Planning to go into business for yourself? Now is a good time to get underway -- industry consultants say -- despite a weak economy that has many established businesses reeling. New businesses are opening their doors in record numbers across the nation.
"A young, aggressive company can come in without all the baggage carried by older, bigger competitors," says John Freyhof, director of venture development for Enterprise Corp. of Pittsburgh, Pa. "They're already fighting for survival, so they have to be lean and sharp. The new business has a built-in advantage."
Which isn't to say that anyone can start up a business and expect to succeed. Most new businesses fail within three years.
"Those figures can be misleading," says Freyhof. "In a given week, there are 30 to 50 new companies opening in Pittsburgh. But many of those are dead before they've started. They don't know what they want to do, how they need to go about doing it, or what it will take to get there. They have no business plan. They're already saying, 'It's not on paper, but believe me, it's in my head.' We're pretty ruthless about getting them to put it on paper."
Once a prospective entrepreneur looks at the facts and figures on paper, frequently he or she will decide more preliminary work needs to be done, he points out. They will rethink and go at it another way. In some cases, they may realize that it isn't such a good idea after all.
Why are so many new businesses coming into being now? Experts credit the nature of recent layoffs. Many of the people in large organizations who lost their jobs in the last several months were middle managers and junior executives.
"Since the first quarter of 1990, one of four middle managers outplaced by companies has started his or her own business," says Gerald Celente, director of the Socioeconomic Research Institute of America, a trend-tracking firm in Rhinebeck, N.Y. "That's a much higher percentage than we've ever seen before."
Many of these executives, says Celente, are likely to succeed.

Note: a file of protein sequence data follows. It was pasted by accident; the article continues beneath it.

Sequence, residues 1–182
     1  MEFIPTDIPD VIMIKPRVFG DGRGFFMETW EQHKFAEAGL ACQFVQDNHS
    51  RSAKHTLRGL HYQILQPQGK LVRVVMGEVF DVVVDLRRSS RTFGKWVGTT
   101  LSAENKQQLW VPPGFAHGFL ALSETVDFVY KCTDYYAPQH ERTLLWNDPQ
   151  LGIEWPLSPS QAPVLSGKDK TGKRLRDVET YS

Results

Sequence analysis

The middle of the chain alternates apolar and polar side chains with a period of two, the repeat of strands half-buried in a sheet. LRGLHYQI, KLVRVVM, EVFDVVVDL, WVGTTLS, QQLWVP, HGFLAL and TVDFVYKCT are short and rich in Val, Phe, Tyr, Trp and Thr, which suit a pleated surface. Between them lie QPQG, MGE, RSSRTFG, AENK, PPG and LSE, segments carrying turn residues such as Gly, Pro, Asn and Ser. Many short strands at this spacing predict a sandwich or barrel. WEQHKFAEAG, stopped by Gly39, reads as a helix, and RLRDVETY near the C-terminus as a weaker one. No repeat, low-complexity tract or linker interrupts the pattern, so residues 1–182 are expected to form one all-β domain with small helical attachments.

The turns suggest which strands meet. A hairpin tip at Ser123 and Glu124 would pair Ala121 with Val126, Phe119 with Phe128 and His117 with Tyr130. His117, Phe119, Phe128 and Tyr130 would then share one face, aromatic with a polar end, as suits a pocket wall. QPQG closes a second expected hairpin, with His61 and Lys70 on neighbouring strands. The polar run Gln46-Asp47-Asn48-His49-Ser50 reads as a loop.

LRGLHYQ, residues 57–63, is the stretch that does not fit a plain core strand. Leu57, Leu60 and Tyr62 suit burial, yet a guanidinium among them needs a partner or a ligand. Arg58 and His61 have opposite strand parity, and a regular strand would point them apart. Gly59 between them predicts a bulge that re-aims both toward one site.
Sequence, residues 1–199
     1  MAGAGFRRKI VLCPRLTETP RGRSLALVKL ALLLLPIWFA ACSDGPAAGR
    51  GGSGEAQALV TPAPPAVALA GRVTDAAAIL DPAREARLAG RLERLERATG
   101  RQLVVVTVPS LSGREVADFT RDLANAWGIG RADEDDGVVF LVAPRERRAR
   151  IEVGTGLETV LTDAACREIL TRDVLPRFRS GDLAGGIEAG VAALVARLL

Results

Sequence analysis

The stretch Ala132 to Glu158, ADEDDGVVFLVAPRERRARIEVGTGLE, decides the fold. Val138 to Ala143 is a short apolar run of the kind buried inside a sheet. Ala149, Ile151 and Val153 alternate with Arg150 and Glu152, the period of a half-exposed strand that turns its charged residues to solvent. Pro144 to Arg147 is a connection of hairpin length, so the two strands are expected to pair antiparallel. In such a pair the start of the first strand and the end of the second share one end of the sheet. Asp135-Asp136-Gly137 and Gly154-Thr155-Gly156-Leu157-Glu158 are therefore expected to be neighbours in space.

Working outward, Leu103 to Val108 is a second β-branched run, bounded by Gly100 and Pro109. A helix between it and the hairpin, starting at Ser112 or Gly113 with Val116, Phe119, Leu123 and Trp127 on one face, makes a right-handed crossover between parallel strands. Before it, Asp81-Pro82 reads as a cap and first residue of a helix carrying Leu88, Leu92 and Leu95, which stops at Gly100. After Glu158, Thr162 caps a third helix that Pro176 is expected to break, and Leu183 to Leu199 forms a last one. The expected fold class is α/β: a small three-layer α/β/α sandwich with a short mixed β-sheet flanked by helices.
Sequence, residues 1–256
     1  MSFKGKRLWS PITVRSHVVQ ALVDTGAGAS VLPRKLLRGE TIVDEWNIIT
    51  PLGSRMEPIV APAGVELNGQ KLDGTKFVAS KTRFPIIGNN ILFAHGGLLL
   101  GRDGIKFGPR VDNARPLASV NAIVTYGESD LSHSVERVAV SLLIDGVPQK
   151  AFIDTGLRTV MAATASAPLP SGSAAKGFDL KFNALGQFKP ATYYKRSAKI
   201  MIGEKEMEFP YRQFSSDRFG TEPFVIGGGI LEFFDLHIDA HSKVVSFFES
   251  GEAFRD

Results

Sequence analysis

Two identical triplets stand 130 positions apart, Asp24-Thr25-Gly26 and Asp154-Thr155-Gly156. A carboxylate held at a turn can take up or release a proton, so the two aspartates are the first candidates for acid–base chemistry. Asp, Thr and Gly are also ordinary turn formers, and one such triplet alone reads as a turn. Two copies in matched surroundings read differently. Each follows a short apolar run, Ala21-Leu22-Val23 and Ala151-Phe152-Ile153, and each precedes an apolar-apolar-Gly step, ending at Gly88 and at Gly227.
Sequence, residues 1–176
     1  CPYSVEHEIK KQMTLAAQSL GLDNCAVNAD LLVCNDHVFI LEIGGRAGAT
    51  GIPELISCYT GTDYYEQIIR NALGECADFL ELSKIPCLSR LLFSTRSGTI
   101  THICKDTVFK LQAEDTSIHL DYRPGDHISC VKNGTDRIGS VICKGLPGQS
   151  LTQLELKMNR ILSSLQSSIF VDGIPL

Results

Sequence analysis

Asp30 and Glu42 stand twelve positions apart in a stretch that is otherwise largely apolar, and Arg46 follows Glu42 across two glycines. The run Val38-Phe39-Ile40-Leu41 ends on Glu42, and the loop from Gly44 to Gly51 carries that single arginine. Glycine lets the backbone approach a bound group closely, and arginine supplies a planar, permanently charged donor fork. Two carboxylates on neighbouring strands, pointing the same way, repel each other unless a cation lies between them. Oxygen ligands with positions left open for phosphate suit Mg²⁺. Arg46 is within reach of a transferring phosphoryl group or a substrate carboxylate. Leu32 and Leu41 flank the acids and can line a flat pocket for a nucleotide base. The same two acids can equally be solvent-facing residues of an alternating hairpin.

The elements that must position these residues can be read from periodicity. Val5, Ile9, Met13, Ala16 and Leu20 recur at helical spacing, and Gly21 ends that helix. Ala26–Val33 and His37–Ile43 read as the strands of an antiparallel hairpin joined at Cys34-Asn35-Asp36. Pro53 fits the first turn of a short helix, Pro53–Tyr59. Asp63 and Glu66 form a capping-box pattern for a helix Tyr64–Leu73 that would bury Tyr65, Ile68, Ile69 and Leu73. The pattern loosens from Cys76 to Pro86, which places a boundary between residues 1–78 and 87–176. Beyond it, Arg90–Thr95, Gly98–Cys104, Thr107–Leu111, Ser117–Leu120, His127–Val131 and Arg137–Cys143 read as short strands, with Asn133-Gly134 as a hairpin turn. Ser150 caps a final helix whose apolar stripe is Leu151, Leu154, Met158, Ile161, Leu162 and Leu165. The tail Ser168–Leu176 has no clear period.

"In the 1990s, niche marketing is where it's at," he explains. "Look, we've been raised with the idea that bigger is better, but that's not always true. Imagine a hole in the ground. If you fill it with sand, there will be no spaces between the grains. But if you fill it up with boulders, there's lots of space between them.
"In business, that space is where the big companies aren't serving the market, for one reason or another. There's plenty of room for smaller companies to make money filling those needs."
The mergers, acquisitions and leveraged buyouts of the last decade have left many once-loyal employees disenchanted, +V Celente believes.
"People have learned that they may have a new boss tomorrow, and that the new boss may put financial needs over human needs. They grow to look out for themselves. This leads them, too, to want more control over their own lives and destinies."
Both Celente and Freyhof believe that a lot of new companies are likely to be successful because the people starting them already have business backgrounds. Because of the kinds of people who have been thrown out of work (or, in some cases, offered early retirement or other kinds of buyouts), there is a degree of business savvy that accompanies them into new ventures, they say.
"They realize that even if they're the best in the world at sales, they're nowhere without a product," says Freyhof. "Or that they may be wonderful product developers, but they don't know a thing about selling. Or maybe they can't manage operations.
"It's important for them to take a hard look at the areas that need to be bolstered, and to find someone who can do the job.
"What's important for anyone starting a new business to remember is that while you can reduce risk, you can't eliminate it. It's not easy. You'll work twice as many hours and it will cost you much more money than you ever thought.
"But if you plan carefully and stick with it, you can create something that is of financial value, and of real value beyond that. That's where you find the real satisfaction. That's why people do it."